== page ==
Interestingly, while the earlier immunohistochemical studies did not examine D6 expression in inflamed tissues, more recent analysis specifically in inflamed human tissues has identified, in addition to the lymphatic endothelium, large numbers of leucocyte-like cells as being immunopositive for D6 (C.S. McKimmie, M. Pruenster, A. Rot and G. Graham, unpublished work). This is consistent with our previous demonstration of D6 transcripts in murine and human leucocyte populations, raising the possibility that leucocyte-expressed D6 could contribute significantly to its in vivo functions [10,11]. Preliminary work using quantitative PCR has highlighted the expression in a wide range of leucocytes in both human and mouse cells (see Table 1) and has shown that expression is inducible (C.S. McKimmie, M. Pruenster, A. Rot and G. Graham, unpublished work). Given the widespread distribution of leucocytes and their ability to migrate directly to sites of inflammation, we hypothesize that leucocyte D6 may be the primary cellular vehicle for D6-dependent chemokine degradation and regulation of inflammation.

Table 1
Absolute expression of D6 (normalized to the housekeeping genes, as described previously [24]) was determined by quantitative PCR using cDNA from resting isolated leucocyte subsets and leucocyte cell lines

This Table summarizes results from our laboratory (C.S. McKimmie, M. Pruenster, A. Rot and G. Graham, unpublished work).

Cell type Expression 
Human  
 BeWo (choriocarcinoma) High 
 K562 (haemopoietic progenitor) Medium 
 Primary macrophages Medium 
 THP-1 (monocytic cell line) Medium 
 Mast cells Medium 
 Jurkat (T-cell line) Low 
 Molt-4 (T-cell line) Low 
 Primary monocytes Low 
Mouse  
 Mast cells Medium 
 B-cells Medium/low 
 Dendritic cells Medium/low 
 CD4+ T-cells Low 
 Macrophages Low 
 Neutrophils Low 
Cell type Expression 
Human  
 BeWo (choriocarcinoma) High 
 K562 (haemopoietic progenitor) Medium 
 Primary macrophages Medium 
 THP-1 (monocytic cell line) Medium 
 Mast cells Medium 
 Jurkat (T-cell line) Low 
 Molt-4 (T-cell line) Low 
 Primary monocytes Low 
Mouse  
 Mast cells Medium 
 B-cells Medium/low 
 Dendritic cells Medium/low 
 CD4+ T-cells Low 
 Macrophages Low 
 Neutrophils Low 

Together, this suggests that lymphatic endothelial D6 may play a distinct role in the context of lymphatic endothelial and lymph node cell biology [19]. Immature DCs migrate to inflamed and infected peripheral tissues under the control of inflammatory chemokines, while migration of matured DCs to the draining lymph nodes for antigen presentation is dependent upon induction of CCR7 (CC chemokine receptor 7) [20]. The same is true of T-cell entry and exit from peripheral tissues [21]. The egress of these cells from the tissues is aided by the expression of the CCR7 ligand, CCL21 (CC chemokine ligand 21), by lymphatic endothelium [22]. We now propose that the specific role for lymphatic endothelial D6 is to denude the surface and vicinity of the endothelium of inflammatory CC chemokines so that available GAGs present only homoeostatic chemokines, primarily CCL21 [19]. This would ensure that DCs will only leave the peripheral tissues upon up-regulation of CCR7 and will not interact with lymphatic endothelium through immobilized inflammatory CC chemokines. The same model is likely to hold with T-cells. In D6-null mice, we propose that the absence of D6 will mean that inflammatory CC chemokines will be displayed, along with CCL21, on the surface of the lymphatic endothelium and will allow the inappropriate interaction of inflammatory CC chemokine receptor-bearing cells, such as immature DCs, with the endothelium. This may trigger the egress of inflammatory CCR-bearing, but CCR7-negative, cells from inflamed sites. Furthermore, due to the high level of inflammatory chemokine production at sites of inflammation, it is likely that, without lymphatic D6, they will out-compete CCL21 for binding on the lymphatic endothelium, preventing CCR7/CCL21-mediated migration altogether, leading paradoxically to the retention of matured APCs (antigen-presenting cells) in the tissues and inappropriate early egress of immature inflammatory CC chemokine receptor-bearing cells. The premature egress of immature DCs (and of T-cells) from peripheral inflamed or infected tissues would be likely to interfere with the proper initiation of the immune response within the draining lymph nodes. Intriguingly, and in agreement with this model, recent results have shown that D6-null mice display a deficient immune response in auto-immune models of multiple sclerosis [23]. Critically, these mice demonstrate an otherwise inexplicable retention of DCs within inflamed tissue, which is probably accounted for by the proposed deregulated migration of matured DCs to the draining lymph nodes.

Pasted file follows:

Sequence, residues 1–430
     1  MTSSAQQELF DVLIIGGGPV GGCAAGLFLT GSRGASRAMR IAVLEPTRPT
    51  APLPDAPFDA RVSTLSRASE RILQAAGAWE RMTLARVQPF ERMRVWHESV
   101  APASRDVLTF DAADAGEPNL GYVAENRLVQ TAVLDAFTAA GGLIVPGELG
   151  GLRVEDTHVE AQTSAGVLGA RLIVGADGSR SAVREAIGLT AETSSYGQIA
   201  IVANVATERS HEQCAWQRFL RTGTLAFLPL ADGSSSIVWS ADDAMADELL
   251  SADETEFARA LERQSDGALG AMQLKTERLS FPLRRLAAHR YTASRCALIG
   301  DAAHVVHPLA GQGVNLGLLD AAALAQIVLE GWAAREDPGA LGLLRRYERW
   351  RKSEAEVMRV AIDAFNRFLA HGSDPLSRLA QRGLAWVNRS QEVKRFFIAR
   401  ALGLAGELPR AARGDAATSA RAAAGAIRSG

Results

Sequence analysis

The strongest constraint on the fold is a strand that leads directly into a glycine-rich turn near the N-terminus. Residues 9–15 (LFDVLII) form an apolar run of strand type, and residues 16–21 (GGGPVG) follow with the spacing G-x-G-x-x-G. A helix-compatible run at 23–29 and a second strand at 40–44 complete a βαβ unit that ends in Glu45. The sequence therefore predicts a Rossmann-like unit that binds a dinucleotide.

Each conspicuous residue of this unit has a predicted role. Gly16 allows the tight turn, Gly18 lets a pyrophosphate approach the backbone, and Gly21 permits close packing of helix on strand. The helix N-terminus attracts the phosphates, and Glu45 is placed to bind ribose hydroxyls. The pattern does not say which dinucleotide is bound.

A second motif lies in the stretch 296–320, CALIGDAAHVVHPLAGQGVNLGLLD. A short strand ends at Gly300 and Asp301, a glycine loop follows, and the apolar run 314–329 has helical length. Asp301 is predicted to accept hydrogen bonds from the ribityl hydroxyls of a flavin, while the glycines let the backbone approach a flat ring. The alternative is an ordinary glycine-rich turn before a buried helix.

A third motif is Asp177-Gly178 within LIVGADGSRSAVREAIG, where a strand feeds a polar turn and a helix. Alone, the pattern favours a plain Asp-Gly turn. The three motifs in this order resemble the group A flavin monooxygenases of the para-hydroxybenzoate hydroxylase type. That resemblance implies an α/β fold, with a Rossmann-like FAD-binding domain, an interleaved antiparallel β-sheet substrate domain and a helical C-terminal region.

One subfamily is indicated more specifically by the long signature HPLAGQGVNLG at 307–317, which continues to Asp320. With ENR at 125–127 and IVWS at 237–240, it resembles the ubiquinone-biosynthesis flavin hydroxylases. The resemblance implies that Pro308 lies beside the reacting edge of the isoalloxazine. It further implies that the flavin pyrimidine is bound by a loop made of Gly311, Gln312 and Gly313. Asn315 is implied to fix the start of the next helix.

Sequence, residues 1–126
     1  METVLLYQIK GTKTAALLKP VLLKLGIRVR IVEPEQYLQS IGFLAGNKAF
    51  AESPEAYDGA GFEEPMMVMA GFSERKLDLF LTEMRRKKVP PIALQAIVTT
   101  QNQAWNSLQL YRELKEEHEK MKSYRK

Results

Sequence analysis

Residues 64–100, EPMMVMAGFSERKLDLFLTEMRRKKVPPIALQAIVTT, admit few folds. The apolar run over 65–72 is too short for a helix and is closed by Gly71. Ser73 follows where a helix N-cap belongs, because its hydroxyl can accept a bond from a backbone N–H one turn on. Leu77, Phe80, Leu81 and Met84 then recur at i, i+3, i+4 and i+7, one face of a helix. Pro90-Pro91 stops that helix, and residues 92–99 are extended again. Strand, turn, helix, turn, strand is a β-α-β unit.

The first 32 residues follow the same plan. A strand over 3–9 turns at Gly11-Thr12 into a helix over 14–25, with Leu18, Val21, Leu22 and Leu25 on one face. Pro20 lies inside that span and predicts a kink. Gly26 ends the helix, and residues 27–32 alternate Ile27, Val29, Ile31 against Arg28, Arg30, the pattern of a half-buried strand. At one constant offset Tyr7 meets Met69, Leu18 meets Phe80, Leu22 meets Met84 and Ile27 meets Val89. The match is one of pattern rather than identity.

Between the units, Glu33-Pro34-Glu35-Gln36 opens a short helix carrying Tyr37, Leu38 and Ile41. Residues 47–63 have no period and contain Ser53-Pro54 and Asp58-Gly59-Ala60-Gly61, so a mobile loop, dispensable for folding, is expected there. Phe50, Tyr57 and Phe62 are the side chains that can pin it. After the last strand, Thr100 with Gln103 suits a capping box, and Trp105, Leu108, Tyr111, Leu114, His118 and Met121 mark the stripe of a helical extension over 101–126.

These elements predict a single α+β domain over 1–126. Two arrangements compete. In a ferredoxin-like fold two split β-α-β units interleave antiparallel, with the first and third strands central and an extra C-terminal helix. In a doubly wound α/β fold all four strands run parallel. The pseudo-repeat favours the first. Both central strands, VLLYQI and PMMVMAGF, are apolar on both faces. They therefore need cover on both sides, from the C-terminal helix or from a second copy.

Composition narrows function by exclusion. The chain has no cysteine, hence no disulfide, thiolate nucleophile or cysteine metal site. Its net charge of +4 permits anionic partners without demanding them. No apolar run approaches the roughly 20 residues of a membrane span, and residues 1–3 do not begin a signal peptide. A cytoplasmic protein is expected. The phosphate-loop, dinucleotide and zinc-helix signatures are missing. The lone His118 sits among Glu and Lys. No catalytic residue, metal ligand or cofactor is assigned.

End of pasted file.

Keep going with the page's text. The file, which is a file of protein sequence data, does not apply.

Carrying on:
We provide findings that suggest leucocytes may play a significant role in chemokine scavenging through D6-mediated sequestration. We present preliminary results that suggest D6 expression in a range of leucocytes in vitro and D6 expression in leucocytes within inflamed human tissue. In addition, initial analysis of the D6 promoter has revealed a multitude of binding sites for haemopoietic-associated transcription factors. The expression of D6 on leucocytes may require a modification of our understanding of in vivo D6 function and suggests that lymphatic endothelial D6 may perform additional and distinct roles through the sequestration of inflammatory chemokines.

Control of Immune Responses: A Focus Topic at BioScience2006, held at SECC Glasgow, U.K., 23–27 July 2006. Edited by B. Foxwell (Imperial College London, U.K.), G. Graham (Glasgow, U.K.), R. Nibbs (Glasgow, U.K.) and S. Ward (Bath, U.K.).

Abbreviations

     
  • CCL21

    CC chemokine ligand 21

  •  
  • CCR

    CC chemokine receptor

  •  
  • DC

    dendritic cell

  •  
  • GAG

    glycosaminoglycan